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Thursday, June 9

There have been no – i.e., ZERO – residential foreclosures instituted in the District of Columbia since November of last year. This is because the DC City Counsel enacted emergency legislation November 17, 2010, which required mediation prior to foreclosure of owner occupied property. As there was no mechanism for Mediation there could be no foreclosures. The City had to draft and adopt regulations governing Mediation and to establish an office to administer the Mediation process.

The regulations were proposed on April 8, and finalized to be effective May 25, 2011. I understand that the City has hired and trained a cadre of Mediators and is now prepared to administer the process. I also understand that only a couple foreclosures have been started so far, and none has progressed very far into the process.

As I’ll summarize below, the 44-page single-spaced regulations are extremely detailed and complex. Notwithstanding the detail, there are many ambiguities and unanswered questions. The requirements placed upon lenders are burdensome. It remains to be seen what effect they will have on the volume of foreclosures in DC.

The procedures will allow lenders on residential properties to begin foreclosing when loans are in default. Lenders will be required to “dot ALL of the ‘i’s’ and cross ALL of the ‘t’s’” and thereby provide a level of protection for consumers. If there is sloppy documentation on loans that have been combined into pools and sold on Wall Street, lenders may be unable to ever foreclose. I would be surprised if someone doesn’t challenge the law and/or regulations in court. I would also expect that the increased cost to lenders will somehow raise the cost of borrowing in the District of Columbia and/or tighten underwriting standards for DC loans, thereby making it more difficult for the rest of us to obtain financing.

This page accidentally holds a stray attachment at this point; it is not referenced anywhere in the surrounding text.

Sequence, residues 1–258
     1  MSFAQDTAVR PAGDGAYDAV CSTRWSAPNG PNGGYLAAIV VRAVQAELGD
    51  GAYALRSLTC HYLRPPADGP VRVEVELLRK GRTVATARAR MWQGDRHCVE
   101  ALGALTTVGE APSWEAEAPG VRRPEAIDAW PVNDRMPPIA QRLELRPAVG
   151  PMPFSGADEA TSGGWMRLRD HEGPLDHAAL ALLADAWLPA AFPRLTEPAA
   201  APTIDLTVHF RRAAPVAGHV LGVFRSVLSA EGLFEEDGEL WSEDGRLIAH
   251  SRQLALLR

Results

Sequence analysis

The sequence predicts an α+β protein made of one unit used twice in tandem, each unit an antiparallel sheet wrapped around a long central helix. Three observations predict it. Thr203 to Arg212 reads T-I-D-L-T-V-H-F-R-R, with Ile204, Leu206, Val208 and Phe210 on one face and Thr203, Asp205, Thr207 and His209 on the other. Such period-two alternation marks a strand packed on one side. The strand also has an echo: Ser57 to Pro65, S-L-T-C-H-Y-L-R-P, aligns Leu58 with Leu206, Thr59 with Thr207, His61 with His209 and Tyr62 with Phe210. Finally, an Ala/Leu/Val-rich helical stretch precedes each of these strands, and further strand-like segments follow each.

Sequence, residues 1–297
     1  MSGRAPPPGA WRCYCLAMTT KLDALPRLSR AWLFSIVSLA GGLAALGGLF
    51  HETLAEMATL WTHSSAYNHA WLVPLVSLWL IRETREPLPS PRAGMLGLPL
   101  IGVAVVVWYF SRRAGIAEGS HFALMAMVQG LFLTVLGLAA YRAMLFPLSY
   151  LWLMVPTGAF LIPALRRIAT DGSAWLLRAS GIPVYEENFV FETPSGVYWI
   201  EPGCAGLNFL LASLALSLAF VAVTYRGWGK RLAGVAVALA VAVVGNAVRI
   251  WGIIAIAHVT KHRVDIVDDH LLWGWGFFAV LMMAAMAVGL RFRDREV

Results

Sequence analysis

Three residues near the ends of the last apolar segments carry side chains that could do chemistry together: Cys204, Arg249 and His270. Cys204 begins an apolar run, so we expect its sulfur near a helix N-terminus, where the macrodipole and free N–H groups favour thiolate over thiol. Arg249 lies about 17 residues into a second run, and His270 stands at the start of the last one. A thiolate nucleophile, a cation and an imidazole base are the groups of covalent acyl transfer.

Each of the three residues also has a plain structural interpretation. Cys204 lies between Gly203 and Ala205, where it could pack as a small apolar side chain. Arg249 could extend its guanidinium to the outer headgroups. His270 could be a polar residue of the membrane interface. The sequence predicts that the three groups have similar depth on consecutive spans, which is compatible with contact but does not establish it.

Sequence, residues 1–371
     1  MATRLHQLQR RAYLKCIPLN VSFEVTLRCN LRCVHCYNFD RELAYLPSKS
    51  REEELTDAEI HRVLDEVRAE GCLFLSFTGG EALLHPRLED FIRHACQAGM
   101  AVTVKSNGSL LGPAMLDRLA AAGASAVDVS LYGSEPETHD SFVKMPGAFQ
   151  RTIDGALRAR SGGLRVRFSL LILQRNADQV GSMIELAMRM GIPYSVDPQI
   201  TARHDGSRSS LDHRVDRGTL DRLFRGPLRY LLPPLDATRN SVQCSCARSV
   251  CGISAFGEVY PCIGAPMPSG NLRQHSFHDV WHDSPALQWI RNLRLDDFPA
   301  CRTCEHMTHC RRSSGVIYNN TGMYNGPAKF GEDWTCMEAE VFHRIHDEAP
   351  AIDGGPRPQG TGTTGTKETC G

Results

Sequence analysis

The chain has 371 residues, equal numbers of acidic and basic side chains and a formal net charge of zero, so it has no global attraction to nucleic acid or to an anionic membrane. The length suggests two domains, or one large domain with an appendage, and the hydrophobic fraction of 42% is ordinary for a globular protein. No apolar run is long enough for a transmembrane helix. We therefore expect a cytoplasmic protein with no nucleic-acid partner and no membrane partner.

Another thought – the strict time limits will put pressure on all parties – including the DC government – to efficiently manage the process. Especially if the number of foreclosures is more than a trickle, I’d be amazed if there isn’t a multitude of problems. In a nutshell, when a lender of owner-occupied residential property desires to foreclose, it must send Notice of Default to all Borrowers. The Notice form and the attachments are specified in detail. One of the forms is a “Mediation Election” form and another is a “Loss Mitigation Application.” The Lender is required to send a copy of all forms and a $300 fee to the DC Department of Insurance, Securities, and Banking (“DISB”).

The upshot of the Notice is that the Borrower has 30 days to elect Mediation. The Borrower must return the completed forms to the Lender and to DISB (with a $50 fee) within 30 days in order to avoid immediate foreclosure.

Once validly elected, DISB will schedule Mediation. Prior to Mediation the Lender is required to provide detailed documentation of the loan and default, including an itemization of the amount to cure, complete payment history, copies of the Note, Deed of Trust, & every assignment, the name of the holder of the Note, documentation of the Lender’s right to foreclose, details of the Lender’s loss mitigation analysis, and copies of all pooling and servicing agreements. Mediation must begin within 45 days from the date the Notice of Default was mailed, and must be completed within 90 days from the same date. Only one 30 day extension is available. All parties are required to attend Mediation and have decision-making authority, or have access to someone with decision-making authority, on all loss mitigation programs, loan modification, and other available options.

All parties are required to mediate in good faith, as determined by DISB. The lender is required to enter into a loan modification agreement if the Borrower qualifies under any available program. If the Borrower doesn’t qualify, the Lender is required to provide written explanation for the rejection.

If a party fails to attend Mediation, or fails to mediate in good faith, that party loses the benefit of Mediation. If it is the Borrower, the Lender can proceed to foreclose. If it is the Lender, the Lender can be fined and/or lose its right to foreclose.

If the Borrower does not elect Mediation or the Mediation process does not result in the agreement of a foreclosure alternative, DISB will issue a “Mediation Certificate.” The Certificate is to be recorded in the land records and will permit the Lender to proceed with foreclosure. It constitutes conclusive proof of the Lender’s compliance with the law and can be relied upon by bona fide purchasers of the property after foreclosure. Without the Certificate, the Lender cannot foreclose.

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